Chair of Small and Medium-Sized Enterprises

Double Honour at the Family Business Review Awards

Two studies by WHU professors were praised in the category "Best Family Business Review Article Honorable Mention".

Every year, the Family Firm Institute (FFI) honors excellent research in the field of family businesses. This year, two professors of WHU – Otto Beisheim School of Management earned honorary mention for their articles: Professor Christina Günther, Chair of Small and Medium-sized Businesses, and Professor Nadine Kammerlander, Chair of Family Businesses.

Professor Günther's study "Family Firm Values Explaining Family Firm Heterogeneity", which was developed in collaboration with former WHU doctoral student Viktoria Schneider-Siebke and Sabine Rau from the University of Ottawa, examines the extent to which family businesses have heterogeneous value profiles, which differentiate them from each other and from non-family businesses. "Family businesses are often said to be conservative and above all interested in the long-term continuation of family tradition and the wealth they have acquired over several generations," explains Günther. "We have found that, in addition to these stereotypical traditional family businesses, there are also innovation-driven, highly professionalized family businesses that categorically keep family concerns out of everyday business life". According to the study, five different types of family firms can be classified. At the same time, the study shows that non-family-managed companies have much more homogeneous value profiles than family businesses, and consequently develop less "character".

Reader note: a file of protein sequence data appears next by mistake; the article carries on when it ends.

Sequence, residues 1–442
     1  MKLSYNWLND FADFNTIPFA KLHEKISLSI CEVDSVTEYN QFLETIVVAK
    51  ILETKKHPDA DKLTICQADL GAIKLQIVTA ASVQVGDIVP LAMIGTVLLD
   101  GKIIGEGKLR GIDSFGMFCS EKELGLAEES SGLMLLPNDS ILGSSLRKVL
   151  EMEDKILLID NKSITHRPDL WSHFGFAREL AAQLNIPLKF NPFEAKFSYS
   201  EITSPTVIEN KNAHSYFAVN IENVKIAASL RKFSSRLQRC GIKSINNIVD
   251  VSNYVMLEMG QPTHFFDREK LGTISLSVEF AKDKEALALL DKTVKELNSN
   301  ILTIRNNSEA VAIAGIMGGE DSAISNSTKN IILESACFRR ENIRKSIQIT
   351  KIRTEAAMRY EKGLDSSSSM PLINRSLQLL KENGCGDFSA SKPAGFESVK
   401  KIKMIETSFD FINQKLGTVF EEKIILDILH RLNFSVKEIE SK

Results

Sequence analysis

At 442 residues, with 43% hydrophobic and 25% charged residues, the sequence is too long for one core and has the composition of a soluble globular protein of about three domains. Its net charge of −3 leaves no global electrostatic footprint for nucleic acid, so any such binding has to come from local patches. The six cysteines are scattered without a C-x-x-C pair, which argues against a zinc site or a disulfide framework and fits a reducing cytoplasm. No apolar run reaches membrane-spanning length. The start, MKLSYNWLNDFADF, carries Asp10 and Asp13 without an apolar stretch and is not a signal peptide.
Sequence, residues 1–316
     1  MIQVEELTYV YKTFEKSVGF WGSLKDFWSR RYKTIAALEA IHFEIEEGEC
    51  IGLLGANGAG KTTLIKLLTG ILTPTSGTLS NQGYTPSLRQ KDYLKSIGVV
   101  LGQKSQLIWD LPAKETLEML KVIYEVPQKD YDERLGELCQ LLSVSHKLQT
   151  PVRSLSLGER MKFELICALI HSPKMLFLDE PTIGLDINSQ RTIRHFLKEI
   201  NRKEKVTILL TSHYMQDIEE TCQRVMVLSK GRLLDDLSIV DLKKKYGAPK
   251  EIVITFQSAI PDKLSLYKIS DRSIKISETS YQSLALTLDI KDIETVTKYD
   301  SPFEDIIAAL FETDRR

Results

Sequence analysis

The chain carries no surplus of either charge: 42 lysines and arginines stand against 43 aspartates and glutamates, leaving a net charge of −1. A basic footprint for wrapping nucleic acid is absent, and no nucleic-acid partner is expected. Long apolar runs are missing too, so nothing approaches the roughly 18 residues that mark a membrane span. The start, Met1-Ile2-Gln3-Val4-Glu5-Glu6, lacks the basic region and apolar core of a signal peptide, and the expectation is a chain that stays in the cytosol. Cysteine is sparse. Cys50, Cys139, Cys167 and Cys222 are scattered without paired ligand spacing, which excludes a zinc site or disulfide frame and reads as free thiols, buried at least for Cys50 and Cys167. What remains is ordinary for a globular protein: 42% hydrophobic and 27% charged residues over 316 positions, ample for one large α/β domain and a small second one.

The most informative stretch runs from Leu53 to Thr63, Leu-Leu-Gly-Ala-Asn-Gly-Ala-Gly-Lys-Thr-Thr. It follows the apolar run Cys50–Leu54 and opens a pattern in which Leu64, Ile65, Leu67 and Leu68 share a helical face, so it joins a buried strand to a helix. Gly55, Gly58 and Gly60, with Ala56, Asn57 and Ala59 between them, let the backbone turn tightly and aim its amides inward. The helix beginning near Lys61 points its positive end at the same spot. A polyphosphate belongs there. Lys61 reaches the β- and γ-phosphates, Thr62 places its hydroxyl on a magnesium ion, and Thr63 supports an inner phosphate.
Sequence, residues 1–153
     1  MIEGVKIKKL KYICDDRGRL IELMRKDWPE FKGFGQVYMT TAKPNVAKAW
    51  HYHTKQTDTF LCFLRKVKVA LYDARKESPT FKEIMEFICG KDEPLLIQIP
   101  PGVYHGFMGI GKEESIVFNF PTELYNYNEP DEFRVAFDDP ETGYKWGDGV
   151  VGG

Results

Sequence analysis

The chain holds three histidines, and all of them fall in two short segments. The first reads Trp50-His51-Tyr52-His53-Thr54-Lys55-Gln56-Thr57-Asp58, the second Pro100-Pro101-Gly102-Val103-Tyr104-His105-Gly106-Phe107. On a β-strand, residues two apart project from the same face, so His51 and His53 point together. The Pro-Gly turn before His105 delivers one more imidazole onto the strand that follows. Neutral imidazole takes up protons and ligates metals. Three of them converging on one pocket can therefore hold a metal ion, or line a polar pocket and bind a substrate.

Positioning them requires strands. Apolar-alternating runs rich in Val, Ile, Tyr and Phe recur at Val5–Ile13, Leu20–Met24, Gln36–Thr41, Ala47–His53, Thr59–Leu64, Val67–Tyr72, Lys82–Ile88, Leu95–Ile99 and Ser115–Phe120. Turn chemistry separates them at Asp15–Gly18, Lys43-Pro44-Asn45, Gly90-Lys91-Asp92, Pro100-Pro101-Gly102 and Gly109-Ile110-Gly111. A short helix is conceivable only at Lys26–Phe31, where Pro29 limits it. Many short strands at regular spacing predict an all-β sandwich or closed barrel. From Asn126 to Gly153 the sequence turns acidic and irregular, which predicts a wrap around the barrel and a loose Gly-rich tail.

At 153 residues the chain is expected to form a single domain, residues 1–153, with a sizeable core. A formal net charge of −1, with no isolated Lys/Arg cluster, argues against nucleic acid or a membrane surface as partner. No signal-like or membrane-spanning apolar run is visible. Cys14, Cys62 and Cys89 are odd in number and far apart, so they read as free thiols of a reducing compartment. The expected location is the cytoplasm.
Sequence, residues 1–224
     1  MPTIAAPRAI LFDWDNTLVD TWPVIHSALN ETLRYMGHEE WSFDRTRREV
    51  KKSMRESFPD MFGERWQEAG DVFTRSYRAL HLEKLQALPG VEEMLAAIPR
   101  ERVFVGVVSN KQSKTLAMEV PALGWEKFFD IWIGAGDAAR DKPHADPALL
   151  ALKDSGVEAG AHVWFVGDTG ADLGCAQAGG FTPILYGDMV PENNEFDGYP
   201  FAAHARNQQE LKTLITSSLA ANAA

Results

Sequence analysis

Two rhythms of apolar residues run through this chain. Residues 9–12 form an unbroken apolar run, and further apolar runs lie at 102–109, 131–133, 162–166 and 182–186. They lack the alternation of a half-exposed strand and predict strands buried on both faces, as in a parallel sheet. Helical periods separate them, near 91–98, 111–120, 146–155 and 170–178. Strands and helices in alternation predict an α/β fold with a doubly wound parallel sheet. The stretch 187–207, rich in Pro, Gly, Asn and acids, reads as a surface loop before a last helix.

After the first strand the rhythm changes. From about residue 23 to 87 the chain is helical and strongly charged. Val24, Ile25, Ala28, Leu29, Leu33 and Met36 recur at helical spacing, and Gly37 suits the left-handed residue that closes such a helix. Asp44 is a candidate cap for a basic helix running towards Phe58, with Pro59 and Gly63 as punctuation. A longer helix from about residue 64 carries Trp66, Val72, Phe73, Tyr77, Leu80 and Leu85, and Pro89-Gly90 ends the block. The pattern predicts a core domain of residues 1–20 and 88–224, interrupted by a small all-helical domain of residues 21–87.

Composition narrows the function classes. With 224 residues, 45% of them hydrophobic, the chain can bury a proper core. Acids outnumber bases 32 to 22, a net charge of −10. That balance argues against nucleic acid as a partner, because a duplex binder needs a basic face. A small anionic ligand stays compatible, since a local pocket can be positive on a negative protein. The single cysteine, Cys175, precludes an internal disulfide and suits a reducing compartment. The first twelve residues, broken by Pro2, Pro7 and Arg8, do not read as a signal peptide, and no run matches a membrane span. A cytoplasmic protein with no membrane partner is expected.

Together with Melanie Richards from the University of Bath and Thomas Zellweger from the University of St. Gallen, Professor Kammerlander deals with the choice of a successor in family businesses in her paper "Listening to the Heart or the Head? Exploring the 'Willingness Versus Ability' Succession Dilemma". Based on more than 2000 responses from interviewed entrepreneurs, the authors find that education, experience and other family members in management influence the preference for either very committed or very competent takeovers. The culture of the country and the financial situation of the company also play a role in the question of who is the preferred successor.

As the world's leading association of professionals for family-run organizations, the Family Firm Institute considers family businesses as a fundamental driver of global economic growth, prosperity and stability. It relies on a global network of professionals, educators, researchers, and members of family businesses and provides a platform for the exchange of ideas, expertise, and perspectives. For 30 years, FFI has presented the Family Business Review Awards to advance research in the field of family businesses.